Surface Tech, a leading producer of low carbon asphalt reinforcement solutions, announces the launch of a new educational resource for the asphalt pavement industry focused on implementation of the Infrastructure Investment and Jobs Act (IIJA) and the Inflation Reduction Act (IRA). Both these bills were enacted during the 117th Congress and implementation by many Federal agencies are in full swing.
“There is a tremendous need to educate asphalt companies, state DOT’s, and local agencies on the changing procurement rules intended to drive down carbon emissions during the entire life cycle of asphalt pavements,” said Steve Santa Cruz, President of Surface Tech. “We intend to be that resource during these changing times.”
Jay Hansen, Vice President of Government Affairs will be responsible for preparing the blog and serving as a resource for the asphalt pavement industry as multiple Federal and state agencies implement the legislative text of IIJA and IRA. Jay Hansen is a veteran of six surface transportation reauthorization bills (ISTEA, TEA-21, SAFETEA-LU, MAP-21, FAST Act, and IIJA) in Congress and with the National Asphalt Pavement Association.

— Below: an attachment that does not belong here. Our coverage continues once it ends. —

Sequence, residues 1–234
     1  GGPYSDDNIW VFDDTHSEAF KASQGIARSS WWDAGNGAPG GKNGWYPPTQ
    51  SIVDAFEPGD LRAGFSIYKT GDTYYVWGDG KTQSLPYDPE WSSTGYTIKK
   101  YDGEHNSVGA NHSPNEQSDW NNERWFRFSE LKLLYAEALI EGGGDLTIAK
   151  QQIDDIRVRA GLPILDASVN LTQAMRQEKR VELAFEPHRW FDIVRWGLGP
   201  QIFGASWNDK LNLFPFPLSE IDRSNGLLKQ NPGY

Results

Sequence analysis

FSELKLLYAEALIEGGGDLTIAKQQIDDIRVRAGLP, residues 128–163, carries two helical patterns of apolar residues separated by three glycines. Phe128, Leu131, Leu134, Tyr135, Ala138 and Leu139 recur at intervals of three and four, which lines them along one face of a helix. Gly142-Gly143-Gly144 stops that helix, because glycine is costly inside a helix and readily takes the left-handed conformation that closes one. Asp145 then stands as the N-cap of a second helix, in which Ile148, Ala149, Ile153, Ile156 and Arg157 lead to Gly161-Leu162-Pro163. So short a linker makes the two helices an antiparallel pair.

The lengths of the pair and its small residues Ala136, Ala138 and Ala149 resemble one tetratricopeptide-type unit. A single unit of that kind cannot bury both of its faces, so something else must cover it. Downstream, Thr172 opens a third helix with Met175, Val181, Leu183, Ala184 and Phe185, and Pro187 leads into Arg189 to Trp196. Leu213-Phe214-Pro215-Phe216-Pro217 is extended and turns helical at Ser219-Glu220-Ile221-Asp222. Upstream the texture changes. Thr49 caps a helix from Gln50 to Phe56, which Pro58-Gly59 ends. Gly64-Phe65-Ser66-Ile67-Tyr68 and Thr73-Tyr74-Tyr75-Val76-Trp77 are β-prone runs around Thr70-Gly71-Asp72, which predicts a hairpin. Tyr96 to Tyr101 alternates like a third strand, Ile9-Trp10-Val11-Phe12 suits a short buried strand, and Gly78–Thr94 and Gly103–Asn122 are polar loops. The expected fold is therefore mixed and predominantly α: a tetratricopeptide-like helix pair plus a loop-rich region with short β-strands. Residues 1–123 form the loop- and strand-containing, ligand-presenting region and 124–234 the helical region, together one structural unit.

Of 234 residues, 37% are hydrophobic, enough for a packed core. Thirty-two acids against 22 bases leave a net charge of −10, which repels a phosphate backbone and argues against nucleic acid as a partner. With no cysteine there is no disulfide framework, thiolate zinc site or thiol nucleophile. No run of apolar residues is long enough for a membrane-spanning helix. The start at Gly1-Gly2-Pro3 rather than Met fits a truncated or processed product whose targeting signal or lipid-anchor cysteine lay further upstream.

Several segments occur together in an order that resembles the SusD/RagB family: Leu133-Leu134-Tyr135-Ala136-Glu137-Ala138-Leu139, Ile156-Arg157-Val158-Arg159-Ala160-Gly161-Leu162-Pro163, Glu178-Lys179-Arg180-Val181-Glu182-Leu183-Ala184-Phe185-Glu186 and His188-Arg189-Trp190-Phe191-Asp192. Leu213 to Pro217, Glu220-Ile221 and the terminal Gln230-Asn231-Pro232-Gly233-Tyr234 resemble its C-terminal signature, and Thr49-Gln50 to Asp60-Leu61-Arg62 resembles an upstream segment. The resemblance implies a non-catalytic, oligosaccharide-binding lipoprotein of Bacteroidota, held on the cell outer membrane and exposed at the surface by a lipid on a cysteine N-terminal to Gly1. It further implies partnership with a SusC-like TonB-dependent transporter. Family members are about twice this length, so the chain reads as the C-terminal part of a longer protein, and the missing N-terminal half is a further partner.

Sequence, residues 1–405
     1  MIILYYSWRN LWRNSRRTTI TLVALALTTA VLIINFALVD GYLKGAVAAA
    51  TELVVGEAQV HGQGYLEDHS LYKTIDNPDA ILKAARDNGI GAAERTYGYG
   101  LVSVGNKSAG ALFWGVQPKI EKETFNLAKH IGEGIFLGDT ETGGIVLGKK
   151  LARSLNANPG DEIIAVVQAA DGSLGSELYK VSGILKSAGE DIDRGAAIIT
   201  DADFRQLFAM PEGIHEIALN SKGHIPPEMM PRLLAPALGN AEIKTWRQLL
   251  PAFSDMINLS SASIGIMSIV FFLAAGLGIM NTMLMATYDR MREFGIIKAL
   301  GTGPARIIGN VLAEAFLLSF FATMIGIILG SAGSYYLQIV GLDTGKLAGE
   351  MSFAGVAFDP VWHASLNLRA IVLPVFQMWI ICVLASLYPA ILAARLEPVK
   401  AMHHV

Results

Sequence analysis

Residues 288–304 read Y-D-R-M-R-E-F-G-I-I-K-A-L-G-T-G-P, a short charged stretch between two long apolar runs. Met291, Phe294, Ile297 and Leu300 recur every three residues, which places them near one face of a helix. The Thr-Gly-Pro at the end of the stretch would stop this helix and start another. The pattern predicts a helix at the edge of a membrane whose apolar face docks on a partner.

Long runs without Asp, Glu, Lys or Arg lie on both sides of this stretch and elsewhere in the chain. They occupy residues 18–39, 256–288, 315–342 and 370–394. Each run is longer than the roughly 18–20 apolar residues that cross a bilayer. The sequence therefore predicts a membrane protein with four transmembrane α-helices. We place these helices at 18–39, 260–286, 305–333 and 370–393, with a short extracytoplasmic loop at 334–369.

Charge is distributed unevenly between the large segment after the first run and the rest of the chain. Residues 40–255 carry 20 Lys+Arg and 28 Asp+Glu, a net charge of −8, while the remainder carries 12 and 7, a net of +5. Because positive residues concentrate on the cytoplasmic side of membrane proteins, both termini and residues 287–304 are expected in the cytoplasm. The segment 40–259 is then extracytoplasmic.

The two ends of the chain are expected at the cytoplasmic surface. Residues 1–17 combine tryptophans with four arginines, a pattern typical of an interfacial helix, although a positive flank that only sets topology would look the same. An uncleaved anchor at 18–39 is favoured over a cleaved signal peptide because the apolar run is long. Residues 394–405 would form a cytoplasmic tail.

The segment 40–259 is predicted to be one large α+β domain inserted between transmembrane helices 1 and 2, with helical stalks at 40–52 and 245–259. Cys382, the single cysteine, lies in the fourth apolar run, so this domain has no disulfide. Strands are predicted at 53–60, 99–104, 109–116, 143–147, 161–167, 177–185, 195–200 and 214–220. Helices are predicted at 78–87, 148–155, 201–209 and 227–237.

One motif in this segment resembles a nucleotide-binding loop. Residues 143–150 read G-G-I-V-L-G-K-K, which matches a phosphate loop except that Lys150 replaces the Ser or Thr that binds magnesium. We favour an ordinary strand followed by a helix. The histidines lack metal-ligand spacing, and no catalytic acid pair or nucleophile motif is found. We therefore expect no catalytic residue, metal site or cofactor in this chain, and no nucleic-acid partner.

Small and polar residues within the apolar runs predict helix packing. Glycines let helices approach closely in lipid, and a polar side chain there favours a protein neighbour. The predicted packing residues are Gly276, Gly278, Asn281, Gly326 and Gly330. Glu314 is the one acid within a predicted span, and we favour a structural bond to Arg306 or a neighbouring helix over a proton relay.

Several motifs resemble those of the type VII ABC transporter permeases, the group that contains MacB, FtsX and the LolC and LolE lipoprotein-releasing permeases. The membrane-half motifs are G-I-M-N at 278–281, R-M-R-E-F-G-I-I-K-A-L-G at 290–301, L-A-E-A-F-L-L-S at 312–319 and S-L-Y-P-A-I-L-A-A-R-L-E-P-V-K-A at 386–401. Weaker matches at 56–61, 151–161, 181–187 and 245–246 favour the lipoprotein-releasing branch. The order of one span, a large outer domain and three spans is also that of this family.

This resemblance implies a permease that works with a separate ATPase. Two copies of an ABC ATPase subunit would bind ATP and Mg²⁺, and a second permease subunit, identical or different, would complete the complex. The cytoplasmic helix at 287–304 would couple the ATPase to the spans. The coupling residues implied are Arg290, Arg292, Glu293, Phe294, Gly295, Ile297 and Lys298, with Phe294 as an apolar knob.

“IIJA and the companion IRA bill establish a market differential for asphalt companies who produce low-carbon asphalt material and those who do not. Getting on the right side of the equation will be key for asphalt companies to be successful in the future,” Jay Hansen said.
“Jay Hansen is keenly knowledgeable on these bills, he is deeply respected industry-wide for his advice and counsel, and he knows how Washington works,” Steve Santa Cruz added. “This is a critical value added for our customers and the asphalt industry in general. Surface Tech wants to help asphalt companies become educated and more importantly, deploy solutions for a low carbon asphalt pavement network.
The first blog post, which can be found here, starts at the top with President Biden’s Executive Order 14047 which outlines the Federal government’s approach to using the power of the purse to lower carbon emissions in construction materials including asphalt. Future blog posts will focus on the Environmental Protection Agency’s plan to label low-carbon asphalt materials and the Federal Highway Administration’s efforts to require every contractor to have an Environmental Product Declaration (EPD).
Stakeholders in the asphalt pavement industry are free to reach out to Jay Hansen at email@example.com with questions, comments, or assistance.